How to use factorial (!) in Excel

What is a factorial?

A factorial calculates the ‘product’ of all numbers less than or equal to a value. For example, the factorial of 5 would be:

5x4x3x2x1=120

In mathematical notation, factorials are usually indicated with an exclamation mark. 5! would indicate the factorial of 5.

Factorials are typically used to calculate a number of possible combinations (or permutations). For example, the British National Lottery sells lottery tickets that contains 6 numbers from 1 to 59. The mathematical formula to calculate the total possible combinations of numbers is:

59!/(6!*(59-6)!)

This results in a value of 45,057,474, showing that a single ticket has a 1 in 45,057,474 chance of winning the British National Lottery!

Factorials in Excel

Because the exclamation mark is the symbol for a factorial you might expect it to be recognized by Excel, but you will get an error message if you try to enter a formula such as =5!.

To calculate factorials in excel you must use the FACT function.

=FACT(5) would calculate the factorial of 5 in Excel.

If you’re unfamiliar with Excel formulas and functions you could benefit greatly from our completely free Basic Skills E-book.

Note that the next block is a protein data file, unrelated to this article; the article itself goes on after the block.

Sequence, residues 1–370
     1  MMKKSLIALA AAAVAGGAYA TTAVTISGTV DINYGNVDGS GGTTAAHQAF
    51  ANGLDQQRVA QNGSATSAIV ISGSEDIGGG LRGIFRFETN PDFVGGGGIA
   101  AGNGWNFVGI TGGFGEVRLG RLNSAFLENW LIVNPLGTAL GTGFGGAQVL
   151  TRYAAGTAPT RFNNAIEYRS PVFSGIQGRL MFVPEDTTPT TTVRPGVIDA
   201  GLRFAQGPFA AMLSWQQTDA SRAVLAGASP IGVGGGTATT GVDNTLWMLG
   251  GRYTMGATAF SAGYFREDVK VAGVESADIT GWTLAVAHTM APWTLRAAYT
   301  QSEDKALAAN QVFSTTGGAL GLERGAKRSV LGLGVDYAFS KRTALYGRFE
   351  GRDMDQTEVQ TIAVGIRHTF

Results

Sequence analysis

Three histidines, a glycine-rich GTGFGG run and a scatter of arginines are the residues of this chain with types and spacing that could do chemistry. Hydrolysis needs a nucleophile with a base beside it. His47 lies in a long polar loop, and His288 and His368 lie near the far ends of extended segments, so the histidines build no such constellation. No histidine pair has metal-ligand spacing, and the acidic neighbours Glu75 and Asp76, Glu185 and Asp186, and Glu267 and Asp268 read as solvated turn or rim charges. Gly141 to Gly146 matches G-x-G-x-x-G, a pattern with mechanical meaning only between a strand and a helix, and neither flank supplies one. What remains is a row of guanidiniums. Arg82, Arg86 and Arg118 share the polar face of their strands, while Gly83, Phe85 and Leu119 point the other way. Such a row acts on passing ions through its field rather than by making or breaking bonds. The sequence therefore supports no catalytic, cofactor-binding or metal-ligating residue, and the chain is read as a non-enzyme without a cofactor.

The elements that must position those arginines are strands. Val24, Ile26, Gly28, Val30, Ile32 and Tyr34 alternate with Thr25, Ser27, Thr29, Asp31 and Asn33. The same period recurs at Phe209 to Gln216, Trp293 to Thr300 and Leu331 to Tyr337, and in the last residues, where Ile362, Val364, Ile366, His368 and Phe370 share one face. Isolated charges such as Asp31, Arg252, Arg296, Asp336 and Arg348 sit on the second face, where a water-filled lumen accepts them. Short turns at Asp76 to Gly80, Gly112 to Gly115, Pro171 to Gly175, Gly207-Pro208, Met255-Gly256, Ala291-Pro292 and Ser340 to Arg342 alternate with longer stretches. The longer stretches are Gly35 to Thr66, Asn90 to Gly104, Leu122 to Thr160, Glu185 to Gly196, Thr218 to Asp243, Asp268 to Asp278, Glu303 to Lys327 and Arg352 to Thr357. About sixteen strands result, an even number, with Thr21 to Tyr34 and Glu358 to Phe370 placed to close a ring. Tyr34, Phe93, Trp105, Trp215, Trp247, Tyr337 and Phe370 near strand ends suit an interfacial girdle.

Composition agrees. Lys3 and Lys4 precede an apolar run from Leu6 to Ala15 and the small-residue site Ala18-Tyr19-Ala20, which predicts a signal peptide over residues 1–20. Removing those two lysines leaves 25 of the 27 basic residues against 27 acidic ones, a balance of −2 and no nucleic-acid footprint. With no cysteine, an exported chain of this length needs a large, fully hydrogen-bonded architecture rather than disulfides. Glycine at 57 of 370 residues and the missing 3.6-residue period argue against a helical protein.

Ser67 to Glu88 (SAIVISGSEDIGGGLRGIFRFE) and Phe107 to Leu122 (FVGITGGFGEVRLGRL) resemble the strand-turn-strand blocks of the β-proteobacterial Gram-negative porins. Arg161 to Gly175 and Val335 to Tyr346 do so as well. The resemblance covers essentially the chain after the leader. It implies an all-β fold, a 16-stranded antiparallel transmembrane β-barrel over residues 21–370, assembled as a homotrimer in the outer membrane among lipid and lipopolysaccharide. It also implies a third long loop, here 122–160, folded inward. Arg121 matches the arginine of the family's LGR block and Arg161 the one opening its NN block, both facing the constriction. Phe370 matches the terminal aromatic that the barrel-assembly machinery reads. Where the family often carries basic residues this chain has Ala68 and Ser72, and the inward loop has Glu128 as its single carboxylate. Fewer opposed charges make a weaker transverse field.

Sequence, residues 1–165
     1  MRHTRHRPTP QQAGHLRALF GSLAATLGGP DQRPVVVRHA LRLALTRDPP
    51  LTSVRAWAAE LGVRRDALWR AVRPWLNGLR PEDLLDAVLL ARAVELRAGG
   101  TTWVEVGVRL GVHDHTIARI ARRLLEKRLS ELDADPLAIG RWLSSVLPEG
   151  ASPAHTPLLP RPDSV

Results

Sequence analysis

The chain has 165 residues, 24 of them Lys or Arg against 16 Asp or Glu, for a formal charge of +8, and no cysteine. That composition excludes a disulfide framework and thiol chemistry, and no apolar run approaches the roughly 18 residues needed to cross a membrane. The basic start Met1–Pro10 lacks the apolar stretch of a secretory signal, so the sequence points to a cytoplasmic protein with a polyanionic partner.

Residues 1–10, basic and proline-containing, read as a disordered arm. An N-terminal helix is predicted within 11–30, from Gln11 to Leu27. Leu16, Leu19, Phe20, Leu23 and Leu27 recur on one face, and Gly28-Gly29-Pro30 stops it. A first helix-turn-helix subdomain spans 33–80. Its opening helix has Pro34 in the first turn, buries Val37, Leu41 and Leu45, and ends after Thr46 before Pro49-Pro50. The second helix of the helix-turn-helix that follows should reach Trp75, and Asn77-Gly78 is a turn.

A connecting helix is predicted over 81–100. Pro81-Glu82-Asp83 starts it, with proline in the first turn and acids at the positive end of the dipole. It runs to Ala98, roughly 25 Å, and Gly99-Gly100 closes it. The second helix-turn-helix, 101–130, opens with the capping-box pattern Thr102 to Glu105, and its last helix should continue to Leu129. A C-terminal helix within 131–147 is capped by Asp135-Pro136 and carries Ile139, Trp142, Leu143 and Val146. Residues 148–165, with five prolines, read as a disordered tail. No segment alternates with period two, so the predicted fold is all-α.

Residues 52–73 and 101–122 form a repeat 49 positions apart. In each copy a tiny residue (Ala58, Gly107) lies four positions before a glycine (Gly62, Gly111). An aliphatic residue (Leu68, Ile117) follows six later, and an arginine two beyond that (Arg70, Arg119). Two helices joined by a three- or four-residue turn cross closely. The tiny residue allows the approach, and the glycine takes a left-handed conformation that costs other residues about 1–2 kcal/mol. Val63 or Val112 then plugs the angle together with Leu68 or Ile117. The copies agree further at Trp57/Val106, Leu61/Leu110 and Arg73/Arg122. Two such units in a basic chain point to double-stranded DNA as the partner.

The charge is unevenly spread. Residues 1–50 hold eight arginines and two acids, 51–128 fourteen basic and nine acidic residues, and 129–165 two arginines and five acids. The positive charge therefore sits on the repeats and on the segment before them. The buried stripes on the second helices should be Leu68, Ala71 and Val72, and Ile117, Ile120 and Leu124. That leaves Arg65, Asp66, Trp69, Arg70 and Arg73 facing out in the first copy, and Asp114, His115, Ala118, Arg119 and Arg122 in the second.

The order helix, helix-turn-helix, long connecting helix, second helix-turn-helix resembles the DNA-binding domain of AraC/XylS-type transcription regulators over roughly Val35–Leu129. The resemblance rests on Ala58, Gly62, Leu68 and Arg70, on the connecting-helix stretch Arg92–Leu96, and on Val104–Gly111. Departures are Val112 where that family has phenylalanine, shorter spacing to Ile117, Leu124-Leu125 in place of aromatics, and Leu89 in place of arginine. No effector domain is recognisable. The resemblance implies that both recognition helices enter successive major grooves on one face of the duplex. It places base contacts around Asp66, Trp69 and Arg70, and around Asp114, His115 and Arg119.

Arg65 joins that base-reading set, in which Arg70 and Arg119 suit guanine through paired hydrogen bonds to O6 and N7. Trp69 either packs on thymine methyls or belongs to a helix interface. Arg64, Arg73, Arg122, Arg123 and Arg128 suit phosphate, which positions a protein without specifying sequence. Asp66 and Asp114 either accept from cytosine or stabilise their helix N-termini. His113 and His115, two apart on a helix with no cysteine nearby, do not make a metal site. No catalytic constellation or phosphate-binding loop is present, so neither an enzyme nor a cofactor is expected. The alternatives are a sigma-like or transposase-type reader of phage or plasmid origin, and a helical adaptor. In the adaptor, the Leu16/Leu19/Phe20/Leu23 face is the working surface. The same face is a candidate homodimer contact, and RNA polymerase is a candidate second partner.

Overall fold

Many more advanced functions are explained in depth in our Expert Skills Books and E-books.

Calculating the probability of winning the lottery in Excel

Now that you know how to use the FACT function, it’s a simple matter to translate the mathematical formula shown above into an Excel formula:

=FACT(59)/(FACT(6)*FACT(59-6))

You can download an example workbook showing this in action.

Other combinatorial functions in Excel

Excel also contains a number of other useful ‘combinatorial’ functions. One of the most useful is COMBIN. COMBIN makes the calculation shown above even easier, as it allows you to return the total number of possible combinations from a given number of items. You can calculate the probability of winning the lottery with the simple formula:

=COMBIN(59,6)

Excel also offers the COMBINA function, which works the same way but allowing repetition of numbers. If you were allowed to choose the same number more than once in the lottery there would be 74,974,368 possible combinations and it would be much harder to win!

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